Fishing Report: Blue-fleshed rock greenling caught in Homer looks like a creature out of a Dr. Seuss book
ANCHORAGE, Alaska (KTUU) - Alaska offers some of the most unique and diverse fishing there is. You could catch one fish, you could catch two fish, you can definitely catch a red fish — but did you know you could catch a blue fish?
In late August, Joe Chmeleck, owner of The Lodge at Otter Cover in Homer, reeled in a rock greenling with colors so vibrant, it went viral on Facebook.
A catch that appears out of a Dr. Seuss or coloring book, the blue flesh of this rock greenling — which is also seen in lingcod — is caused by a green bile pigment called Biliverdin, according to Alaska Department of Fish and Game biologist Donald Arthur.
While scientists know where the blue pigment comes from, they are still unsure why fish produce it — it could be a result of UV radiation, diet or genetics, Arthur said.
Since Aug. 30, Chmeleck’s post has been shared more than 3,500 times with hundreds of commenters left in awe.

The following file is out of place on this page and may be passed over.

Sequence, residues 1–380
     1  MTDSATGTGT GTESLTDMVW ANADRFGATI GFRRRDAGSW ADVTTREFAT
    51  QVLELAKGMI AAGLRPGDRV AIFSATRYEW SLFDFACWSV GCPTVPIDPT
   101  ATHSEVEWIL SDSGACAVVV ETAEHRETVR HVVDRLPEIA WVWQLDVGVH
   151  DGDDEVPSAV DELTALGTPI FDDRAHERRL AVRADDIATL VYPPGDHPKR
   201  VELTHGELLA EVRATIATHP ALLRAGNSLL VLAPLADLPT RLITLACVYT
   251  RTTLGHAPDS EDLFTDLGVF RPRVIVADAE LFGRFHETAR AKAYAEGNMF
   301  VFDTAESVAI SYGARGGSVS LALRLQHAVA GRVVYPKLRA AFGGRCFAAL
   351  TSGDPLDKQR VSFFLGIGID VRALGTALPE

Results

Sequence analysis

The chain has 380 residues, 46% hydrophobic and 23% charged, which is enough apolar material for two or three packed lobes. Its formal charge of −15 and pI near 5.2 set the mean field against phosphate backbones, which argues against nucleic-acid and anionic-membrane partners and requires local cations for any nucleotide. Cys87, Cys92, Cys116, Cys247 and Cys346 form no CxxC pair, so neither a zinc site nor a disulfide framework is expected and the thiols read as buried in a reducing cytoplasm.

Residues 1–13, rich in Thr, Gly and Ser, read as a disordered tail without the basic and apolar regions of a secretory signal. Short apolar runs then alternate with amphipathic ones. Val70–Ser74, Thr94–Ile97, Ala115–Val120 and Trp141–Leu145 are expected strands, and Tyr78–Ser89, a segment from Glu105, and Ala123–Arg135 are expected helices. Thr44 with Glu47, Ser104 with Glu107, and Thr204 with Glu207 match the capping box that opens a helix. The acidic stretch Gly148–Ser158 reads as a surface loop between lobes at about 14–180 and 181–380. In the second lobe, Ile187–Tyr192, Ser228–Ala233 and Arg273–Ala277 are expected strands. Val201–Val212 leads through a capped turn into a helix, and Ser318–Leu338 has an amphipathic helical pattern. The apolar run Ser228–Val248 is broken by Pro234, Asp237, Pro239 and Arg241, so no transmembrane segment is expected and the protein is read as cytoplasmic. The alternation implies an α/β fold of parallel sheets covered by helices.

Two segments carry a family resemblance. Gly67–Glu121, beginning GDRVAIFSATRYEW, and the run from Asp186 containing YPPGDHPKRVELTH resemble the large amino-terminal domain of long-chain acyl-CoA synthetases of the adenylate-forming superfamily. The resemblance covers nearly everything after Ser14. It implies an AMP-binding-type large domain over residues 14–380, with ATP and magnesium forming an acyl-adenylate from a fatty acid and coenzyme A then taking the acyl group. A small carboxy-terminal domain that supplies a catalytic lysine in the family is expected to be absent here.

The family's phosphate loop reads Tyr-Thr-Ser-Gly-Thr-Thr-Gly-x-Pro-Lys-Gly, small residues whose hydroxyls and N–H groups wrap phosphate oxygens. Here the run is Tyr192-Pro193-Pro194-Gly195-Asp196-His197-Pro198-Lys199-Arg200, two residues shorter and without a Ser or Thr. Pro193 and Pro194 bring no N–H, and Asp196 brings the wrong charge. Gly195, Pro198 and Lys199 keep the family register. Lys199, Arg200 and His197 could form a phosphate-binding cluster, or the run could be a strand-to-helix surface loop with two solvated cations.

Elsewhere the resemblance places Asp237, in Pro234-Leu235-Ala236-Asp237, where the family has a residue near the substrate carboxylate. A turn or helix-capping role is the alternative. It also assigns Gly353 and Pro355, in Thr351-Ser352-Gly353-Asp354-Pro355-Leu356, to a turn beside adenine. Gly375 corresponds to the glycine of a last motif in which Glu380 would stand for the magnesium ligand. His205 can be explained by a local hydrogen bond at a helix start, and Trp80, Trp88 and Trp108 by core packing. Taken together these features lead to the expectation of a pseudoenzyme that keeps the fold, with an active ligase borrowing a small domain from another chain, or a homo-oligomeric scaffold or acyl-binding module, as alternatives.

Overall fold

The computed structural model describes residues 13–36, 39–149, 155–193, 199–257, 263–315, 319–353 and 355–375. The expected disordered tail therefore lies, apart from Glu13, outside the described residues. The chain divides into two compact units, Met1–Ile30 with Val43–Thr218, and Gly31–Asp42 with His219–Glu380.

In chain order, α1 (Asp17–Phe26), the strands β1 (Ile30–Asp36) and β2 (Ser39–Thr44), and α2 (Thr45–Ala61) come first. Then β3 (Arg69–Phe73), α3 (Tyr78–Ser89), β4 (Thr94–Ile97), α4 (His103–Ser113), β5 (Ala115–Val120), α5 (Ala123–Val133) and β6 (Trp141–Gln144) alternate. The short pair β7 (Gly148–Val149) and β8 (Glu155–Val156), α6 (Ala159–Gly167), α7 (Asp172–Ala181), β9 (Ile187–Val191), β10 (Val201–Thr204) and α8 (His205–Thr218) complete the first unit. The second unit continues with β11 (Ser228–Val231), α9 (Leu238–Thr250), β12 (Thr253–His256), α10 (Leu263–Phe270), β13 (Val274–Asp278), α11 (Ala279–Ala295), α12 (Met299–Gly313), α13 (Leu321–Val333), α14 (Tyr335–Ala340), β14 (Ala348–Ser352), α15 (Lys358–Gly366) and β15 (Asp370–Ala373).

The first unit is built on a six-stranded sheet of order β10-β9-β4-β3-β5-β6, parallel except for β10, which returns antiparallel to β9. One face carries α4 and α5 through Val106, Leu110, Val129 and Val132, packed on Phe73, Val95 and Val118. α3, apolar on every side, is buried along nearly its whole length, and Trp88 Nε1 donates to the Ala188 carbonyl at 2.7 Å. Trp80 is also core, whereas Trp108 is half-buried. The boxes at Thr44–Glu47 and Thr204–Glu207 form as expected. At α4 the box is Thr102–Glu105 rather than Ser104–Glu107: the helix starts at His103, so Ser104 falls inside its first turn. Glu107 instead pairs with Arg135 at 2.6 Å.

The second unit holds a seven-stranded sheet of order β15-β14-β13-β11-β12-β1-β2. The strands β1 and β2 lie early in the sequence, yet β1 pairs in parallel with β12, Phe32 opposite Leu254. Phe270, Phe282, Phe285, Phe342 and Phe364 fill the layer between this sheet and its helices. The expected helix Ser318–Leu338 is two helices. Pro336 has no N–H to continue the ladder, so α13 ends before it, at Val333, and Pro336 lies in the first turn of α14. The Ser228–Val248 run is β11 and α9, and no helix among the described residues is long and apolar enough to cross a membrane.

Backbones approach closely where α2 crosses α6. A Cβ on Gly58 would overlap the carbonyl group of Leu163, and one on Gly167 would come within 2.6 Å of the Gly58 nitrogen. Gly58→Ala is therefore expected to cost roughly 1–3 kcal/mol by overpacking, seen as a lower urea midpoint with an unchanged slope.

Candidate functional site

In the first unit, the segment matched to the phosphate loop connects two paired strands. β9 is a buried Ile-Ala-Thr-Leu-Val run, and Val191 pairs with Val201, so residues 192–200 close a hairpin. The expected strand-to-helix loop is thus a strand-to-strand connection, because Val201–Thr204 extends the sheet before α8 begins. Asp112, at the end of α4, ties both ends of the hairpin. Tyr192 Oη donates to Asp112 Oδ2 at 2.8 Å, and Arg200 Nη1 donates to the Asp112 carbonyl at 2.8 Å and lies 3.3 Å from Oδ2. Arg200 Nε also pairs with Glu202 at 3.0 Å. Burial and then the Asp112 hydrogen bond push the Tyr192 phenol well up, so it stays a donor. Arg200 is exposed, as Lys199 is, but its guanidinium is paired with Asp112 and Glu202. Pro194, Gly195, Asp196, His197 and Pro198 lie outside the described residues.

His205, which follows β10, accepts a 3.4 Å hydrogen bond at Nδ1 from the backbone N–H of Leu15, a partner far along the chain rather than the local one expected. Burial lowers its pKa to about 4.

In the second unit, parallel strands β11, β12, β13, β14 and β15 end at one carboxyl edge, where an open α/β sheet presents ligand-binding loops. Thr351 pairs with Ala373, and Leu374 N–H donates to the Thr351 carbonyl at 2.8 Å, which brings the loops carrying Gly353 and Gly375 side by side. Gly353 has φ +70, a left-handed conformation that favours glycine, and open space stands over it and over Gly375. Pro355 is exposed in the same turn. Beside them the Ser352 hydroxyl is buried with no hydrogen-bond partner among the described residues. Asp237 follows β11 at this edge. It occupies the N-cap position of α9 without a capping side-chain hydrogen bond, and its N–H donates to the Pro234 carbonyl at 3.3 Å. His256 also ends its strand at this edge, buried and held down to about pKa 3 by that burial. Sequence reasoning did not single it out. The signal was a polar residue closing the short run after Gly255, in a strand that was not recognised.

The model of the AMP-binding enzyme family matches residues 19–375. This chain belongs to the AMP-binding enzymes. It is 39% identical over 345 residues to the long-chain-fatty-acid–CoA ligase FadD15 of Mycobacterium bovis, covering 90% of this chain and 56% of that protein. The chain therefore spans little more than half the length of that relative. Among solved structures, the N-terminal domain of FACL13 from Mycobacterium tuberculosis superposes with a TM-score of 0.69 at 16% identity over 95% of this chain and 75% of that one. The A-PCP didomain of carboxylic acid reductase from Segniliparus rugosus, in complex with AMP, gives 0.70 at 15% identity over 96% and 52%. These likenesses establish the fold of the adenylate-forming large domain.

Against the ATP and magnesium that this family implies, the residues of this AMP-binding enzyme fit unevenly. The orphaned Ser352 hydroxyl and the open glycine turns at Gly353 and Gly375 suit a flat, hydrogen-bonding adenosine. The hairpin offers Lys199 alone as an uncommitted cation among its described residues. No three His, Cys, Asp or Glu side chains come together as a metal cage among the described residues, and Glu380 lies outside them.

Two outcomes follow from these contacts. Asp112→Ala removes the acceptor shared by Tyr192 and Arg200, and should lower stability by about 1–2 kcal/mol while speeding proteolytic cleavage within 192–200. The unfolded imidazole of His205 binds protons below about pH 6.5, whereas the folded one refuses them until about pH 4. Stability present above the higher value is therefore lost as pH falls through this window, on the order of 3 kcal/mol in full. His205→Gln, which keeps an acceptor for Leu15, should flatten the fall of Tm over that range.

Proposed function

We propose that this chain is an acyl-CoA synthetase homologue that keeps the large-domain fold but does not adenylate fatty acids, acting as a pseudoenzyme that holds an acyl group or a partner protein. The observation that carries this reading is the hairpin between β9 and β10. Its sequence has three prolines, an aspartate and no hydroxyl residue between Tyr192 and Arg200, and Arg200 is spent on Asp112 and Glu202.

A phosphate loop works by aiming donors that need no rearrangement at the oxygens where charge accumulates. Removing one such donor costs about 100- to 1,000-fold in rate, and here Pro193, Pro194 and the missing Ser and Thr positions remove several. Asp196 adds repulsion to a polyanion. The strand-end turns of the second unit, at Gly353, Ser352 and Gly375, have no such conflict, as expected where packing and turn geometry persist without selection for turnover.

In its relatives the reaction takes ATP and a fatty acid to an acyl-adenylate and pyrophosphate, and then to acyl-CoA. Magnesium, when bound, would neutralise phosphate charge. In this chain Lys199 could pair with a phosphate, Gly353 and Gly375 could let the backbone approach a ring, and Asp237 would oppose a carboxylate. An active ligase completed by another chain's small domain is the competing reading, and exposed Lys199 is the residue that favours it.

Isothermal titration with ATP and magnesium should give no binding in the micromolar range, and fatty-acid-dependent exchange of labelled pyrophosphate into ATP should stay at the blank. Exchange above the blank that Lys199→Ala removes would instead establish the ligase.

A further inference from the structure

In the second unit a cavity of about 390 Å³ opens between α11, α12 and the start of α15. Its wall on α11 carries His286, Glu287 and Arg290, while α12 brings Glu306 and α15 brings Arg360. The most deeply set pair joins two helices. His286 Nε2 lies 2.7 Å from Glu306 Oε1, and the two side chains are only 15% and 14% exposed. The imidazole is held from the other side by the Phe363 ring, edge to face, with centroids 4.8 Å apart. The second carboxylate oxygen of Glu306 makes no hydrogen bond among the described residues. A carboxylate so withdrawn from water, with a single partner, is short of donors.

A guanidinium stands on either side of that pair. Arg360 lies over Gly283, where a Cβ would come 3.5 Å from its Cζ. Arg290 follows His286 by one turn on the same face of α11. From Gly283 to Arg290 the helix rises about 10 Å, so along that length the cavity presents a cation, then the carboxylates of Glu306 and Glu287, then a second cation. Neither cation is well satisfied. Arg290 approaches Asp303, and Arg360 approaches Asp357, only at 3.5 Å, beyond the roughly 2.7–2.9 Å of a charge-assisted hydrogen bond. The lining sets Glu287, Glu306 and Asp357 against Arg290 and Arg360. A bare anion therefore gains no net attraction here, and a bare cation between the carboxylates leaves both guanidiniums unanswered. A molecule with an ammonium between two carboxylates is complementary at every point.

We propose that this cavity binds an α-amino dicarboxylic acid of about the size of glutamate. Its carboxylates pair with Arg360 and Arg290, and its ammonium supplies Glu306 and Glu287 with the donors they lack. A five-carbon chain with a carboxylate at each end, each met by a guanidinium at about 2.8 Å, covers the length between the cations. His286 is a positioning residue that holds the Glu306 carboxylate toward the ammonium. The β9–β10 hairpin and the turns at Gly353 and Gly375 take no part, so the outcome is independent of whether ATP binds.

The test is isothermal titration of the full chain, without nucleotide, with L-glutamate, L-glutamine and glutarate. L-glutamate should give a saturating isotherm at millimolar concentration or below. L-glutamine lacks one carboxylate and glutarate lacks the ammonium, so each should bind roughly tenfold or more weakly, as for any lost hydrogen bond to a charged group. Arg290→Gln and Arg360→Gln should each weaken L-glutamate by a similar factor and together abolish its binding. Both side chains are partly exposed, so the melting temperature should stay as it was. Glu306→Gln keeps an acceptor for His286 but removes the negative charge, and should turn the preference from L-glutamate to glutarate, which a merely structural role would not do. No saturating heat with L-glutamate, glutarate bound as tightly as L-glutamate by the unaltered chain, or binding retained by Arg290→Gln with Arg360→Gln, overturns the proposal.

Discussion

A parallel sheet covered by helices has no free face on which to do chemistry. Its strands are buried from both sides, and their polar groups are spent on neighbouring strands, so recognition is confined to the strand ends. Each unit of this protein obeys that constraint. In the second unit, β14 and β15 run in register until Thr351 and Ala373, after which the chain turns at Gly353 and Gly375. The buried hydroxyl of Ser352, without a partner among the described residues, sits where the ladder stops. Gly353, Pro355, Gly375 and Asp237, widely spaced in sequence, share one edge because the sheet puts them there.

“I had no idea anything like that was going to happen ... it’s been absolutely insane,” Chmeleck said of the internet’s response. “People are going crazy, so, so many people are like, ‘I’ve never seen anything like that.’ I think there is actually 17 different countries that have seen the post so far.”
The catch is an exotic — and toxic-looking — fish that could perplex even the most experienced anglers.
″We caught one about a year ago,” Chmeleck recalled, “We were sort of a little bit afraid of it, we didn’t know if it was poisonous or what is was. Typically when it is super colorful like that I’ve been told, the more colorful, the more dangerous it is.”
This fish, however, is safe to eat and the meat turns from blue to white when cooked.
“We filleted it, cooked it up and it was absolutely fantastic.”
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